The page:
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Polish FM: we lost because ‘rules were changed during the game’

PR dla Zagranicy
Roberto Galea 10.03.2017 14:28
Donald Tusk was appointed to head the European Council for a second term despite protests from Warsaw because the “rules were changed during the game”, said Poland’s foreign minister.
Polish Foreign Minister Witold Waszczykowski. Photo: PAP/Jakub KamińskiPolish Foreign Minister Witold Waszczykowski. Photo: PAP/Jakub Kamiński

The Polish governing Law and Justice (PiS) party had embarked on an intense effort to thwart the election on Thursday of Tusk, who had served as prime minister of Poland while PiS was in opposition.

Poland had put forward the name of MEP Jacek Saryusz-Wolski to run against Tusk, and earlier this week Foreign Minister Witold Waszczykowski said that the country’s officials would not allow the vote to go through.

However, EU government leaders decided to elect Tusk for a second term of two and a half years. Among the prime ministers who supported Tusk’s bid were Hungary’s Viktor Orban and the UK’s Theresa May, both of whom were seen as allies of the PiS government on the European stage.

Polish Prime Minister Beata Szydło was the only leader out of the 28 at the Brussels summit who voted against Tusk.

Speaking to Polish Radio on Friday, Wasczykowski said that Poland calls for the European Union to adhere to its own principles.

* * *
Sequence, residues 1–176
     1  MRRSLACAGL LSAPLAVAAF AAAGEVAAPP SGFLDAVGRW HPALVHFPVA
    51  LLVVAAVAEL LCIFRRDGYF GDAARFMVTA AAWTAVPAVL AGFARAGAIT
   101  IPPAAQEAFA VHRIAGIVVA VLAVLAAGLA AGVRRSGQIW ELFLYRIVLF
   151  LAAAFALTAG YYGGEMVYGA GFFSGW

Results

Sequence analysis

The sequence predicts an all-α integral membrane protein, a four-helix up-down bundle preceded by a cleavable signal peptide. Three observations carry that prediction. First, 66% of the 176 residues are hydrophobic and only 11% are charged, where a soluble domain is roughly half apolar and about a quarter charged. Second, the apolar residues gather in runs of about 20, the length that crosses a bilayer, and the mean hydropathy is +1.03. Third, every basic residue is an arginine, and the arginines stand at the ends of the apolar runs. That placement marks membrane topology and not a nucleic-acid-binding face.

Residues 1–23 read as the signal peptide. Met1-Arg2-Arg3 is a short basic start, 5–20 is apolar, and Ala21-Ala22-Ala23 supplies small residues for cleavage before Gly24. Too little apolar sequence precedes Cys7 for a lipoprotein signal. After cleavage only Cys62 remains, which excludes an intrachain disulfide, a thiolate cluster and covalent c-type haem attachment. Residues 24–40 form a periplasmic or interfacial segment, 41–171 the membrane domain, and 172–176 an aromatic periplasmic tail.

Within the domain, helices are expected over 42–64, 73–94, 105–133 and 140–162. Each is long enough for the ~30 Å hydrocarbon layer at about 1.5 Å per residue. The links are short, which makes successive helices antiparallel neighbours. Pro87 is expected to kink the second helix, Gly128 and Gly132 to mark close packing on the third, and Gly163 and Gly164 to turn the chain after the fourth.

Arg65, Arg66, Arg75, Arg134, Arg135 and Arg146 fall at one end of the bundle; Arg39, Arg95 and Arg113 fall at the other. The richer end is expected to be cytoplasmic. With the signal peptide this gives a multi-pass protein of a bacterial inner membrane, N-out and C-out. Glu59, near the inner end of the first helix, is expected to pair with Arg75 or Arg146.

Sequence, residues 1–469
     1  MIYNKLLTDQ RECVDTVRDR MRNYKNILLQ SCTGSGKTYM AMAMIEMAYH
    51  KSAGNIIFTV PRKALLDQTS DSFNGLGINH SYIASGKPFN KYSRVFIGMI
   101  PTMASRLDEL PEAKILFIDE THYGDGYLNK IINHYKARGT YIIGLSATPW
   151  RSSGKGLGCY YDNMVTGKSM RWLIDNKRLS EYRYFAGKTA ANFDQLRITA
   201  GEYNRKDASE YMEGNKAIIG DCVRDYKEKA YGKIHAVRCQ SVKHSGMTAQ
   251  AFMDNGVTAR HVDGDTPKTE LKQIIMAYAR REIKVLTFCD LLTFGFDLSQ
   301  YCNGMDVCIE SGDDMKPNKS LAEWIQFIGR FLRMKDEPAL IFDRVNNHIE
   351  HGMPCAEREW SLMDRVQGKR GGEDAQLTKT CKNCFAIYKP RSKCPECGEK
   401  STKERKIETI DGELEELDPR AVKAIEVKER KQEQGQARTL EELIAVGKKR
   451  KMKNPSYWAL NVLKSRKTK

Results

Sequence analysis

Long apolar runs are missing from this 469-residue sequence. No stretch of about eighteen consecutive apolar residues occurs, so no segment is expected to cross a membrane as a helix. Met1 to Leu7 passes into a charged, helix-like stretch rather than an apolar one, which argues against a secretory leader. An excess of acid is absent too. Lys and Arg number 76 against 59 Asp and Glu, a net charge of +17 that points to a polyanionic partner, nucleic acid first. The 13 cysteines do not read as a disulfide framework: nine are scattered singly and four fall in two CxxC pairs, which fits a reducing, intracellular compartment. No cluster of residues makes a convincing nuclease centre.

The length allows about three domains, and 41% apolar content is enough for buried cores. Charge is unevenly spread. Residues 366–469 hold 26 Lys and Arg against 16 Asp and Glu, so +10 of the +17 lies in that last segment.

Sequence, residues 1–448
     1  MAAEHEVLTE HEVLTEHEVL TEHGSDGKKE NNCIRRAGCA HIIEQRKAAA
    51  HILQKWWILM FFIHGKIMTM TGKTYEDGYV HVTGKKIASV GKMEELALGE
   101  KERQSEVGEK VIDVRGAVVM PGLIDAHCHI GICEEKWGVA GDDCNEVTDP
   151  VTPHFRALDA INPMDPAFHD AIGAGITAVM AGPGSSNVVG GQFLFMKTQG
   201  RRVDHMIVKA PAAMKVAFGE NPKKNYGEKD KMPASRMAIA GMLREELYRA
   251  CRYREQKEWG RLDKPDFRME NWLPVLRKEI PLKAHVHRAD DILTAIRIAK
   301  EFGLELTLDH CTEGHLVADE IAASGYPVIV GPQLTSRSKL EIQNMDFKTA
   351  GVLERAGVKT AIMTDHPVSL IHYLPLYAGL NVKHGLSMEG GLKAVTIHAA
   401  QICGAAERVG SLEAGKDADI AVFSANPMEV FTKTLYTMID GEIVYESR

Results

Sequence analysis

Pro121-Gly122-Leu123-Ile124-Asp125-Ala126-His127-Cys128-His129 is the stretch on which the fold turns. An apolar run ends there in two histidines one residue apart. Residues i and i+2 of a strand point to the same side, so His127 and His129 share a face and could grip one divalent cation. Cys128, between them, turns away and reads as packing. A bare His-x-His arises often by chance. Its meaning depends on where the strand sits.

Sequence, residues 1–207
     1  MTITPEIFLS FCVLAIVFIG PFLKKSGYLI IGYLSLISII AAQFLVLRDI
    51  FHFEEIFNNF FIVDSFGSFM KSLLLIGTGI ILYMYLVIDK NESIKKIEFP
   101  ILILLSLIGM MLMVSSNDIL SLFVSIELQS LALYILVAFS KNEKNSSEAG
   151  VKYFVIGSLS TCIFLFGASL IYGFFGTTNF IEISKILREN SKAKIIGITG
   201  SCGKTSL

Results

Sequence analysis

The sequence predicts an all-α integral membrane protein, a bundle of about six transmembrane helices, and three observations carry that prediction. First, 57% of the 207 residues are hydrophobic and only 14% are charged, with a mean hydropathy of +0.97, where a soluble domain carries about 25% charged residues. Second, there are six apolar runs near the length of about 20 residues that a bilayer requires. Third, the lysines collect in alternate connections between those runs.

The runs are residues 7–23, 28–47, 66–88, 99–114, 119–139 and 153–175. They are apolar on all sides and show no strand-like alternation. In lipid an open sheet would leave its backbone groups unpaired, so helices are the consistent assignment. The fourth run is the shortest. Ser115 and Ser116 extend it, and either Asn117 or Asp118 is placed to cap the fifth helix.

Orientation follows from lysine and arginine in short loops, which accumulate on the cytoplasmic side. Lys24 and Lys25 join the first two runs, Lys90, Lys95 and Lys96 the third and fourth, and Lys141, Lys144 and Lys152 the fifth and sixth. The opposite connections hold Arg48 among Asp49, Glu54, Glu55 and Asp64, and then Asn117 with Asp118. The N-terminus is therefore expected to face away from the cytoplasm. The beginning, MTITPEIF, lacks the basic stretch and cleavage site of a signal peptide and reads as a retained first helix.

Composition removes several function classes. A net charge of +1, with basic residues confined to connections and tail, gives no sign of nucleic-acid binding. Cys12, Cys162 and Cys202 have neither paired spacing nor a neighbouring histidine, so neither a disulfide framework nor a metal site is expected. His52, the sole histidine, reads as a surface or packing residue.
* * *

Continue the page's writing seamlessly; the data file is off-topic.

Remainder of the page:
These regulations were yesterday changed and broken before our eyes. The question is, why such a large group of countries seem not to mind,” Waszczykowski said.

“We lost because of the fact that the rules were changed during the game,” he added.

In a tweet following the vote, Tusk wrote: “Grateful for trust & positive assessment by [the European Council]. I will do my best to make the EU better.”

PiS leader Jarosław Kaczński, said: “It's a very bad situation that a politician was elected who broke all the rules that previously existed in the European Union, above all, the rule of neutrality.”

Polish officials had said that Tusk had overstepped his mandate and interfered in domestic Polish politics.

Kaczyński has repeatedly said that criminal charges could be brought against Tusk, who headed the government at the time of the 2010 plane crash which killed Kaczyński’s twin brother Lech, then president of Poland as well as 95 others.

A commission has also been opened into the Amber Gold pyramid scheme which closed in 2012. The parliamentary commission is trying to establish whether then-prime minister Tusk had prior knowledge of the company’s activities. (rg)

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